Last September, in an attempt to keep up with my writing for both my job and my own blog, I made a beautiful spread designed to help me stay on top of things. It was organized, colorful, fun—and totally useless.

Function over aesthetic.

There are several problems with this spread. First, it’s not overly flexible. See all the arrows and whatnot? Instead of giving myself room to adjust and write different things than expected, I tried to nail myself into particular goals for the week, and I’m finding that that just does not work for me.

Second, it gives me way too much space to overestimate my work and blogging abilities, and almost no room for my daily responsibilities. There are so many little things I did but didn’t think of as “tasks” because they weren’t written down in my bullet journal because they didn’t fit. And even though each blog post and work article only takes up one line in this spread, they represent hours of work. This spread was visually appealing, but not very well visually organized.

5. Sometimes, ugly and boring work best.

If the thought of updating your bujo is exhausting and terrible, but you KNOW you need to stay organized if you want to prevent your life from going up in flames, settle for a boring, ugly spread this week. You won’t see many of these online, because no one wants to brag about weeks where their brain is being such garbage that the idea of making a pretty list is overwhelming, but believe me, everyone who bullet journals has off weeks.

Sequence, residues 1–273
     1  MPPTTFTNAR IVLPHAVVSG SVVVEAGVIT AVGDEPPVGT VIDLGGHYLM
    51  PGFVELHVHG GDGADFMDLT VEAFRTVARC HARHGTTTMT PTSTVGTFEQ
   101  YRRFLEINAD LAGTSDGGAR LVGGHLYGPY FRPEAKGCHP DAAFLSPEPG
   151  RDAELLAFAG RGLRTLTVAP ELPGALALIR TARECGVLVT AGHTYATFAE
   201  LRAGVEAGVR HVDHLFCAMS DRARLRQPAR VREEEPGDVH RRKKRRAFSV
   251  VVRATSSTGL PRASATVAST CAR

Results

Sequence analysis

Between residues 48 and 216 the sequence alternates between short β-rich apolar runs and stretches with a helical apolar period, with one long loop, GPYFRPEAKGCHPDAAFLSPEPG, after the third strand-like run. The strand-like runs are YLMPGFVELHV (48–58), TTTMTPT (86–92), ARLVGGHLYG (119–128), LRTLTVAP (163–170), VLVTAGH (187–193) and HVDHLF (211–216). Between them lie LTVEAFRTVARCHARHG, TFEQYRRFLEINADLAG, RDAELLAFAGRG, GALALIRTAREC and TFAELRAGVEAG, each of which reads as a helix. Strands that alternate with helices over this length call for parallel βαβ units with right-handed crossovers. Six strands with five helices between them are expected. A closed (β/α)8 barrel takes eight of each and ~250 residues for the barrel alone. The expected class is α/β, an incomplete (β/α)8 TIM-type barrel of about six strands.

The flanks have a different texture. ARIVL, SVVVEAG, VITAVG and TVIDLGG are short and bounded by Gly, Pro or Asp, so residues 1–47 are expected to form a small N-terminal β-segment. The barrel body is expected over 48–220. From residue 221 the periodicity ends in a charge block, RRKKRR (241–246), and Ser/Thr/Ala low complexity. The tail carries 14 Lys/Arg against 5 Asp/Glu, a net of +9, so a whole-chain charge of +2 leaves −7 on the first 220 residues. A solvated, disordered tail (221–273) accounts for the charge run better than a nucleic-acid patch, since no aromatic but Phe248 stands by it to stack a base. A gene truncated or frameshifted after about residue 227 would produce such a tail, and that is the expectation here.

I’ve had weeks where I’ve skipped bullet journaling entirely because I knew I didn’t have it in me to make a nice spread, so I didn’t make one at all. I’m learning that it’s far better to make something, even if it’s hideous and disorganized, than to do nothing at all. This is my “spread” from last week. It’s ugly and boring, but I got a lot more done than if I hadn’t made anything at all.

Ugly and boring is better than nothing.

6. If you find something that works for you, stick with it.

When I started bullet journaling, one of my favorite parts was spending an hour or two on Pinterest each week looking for the perfect spread. But this January, I fell in love with one particular spread. Instead of assigning specific tasks to specific days at the beginning of the week, it involved writing down everything you wanted to get done for the week in one big list, then checking them off when you got to them. It gave me the much-needed flexibility lacking from my beautiful but non-functional spread I mentioned. It was sad at first, doing the same spread every week, but I was getting more done. Maybe because I was wasting a lot less time on Pinterest…?

Effective bujo spread

7. Then again, if it stops working, feel free to change things up.

This spread worked so well for me for nearly four months, so you can imagine my panic when I started to realize it maybe wasn’t working so well anymore. One downside of using the same spread over and over is that it can become a bit of a crutch, and when it comes time to switch things up, it’s freaking hard. Now, each week I have to come up with a whole new spread all over again, and that’s vaguely intimidating after relying on one spread for so long. But it also gave me a breath of that same freedom I felt when I first started bullet journaling. I could do…anything. My first foray back into new spreads each week was pretty basic, but it was colorful and fun. I’ll take that.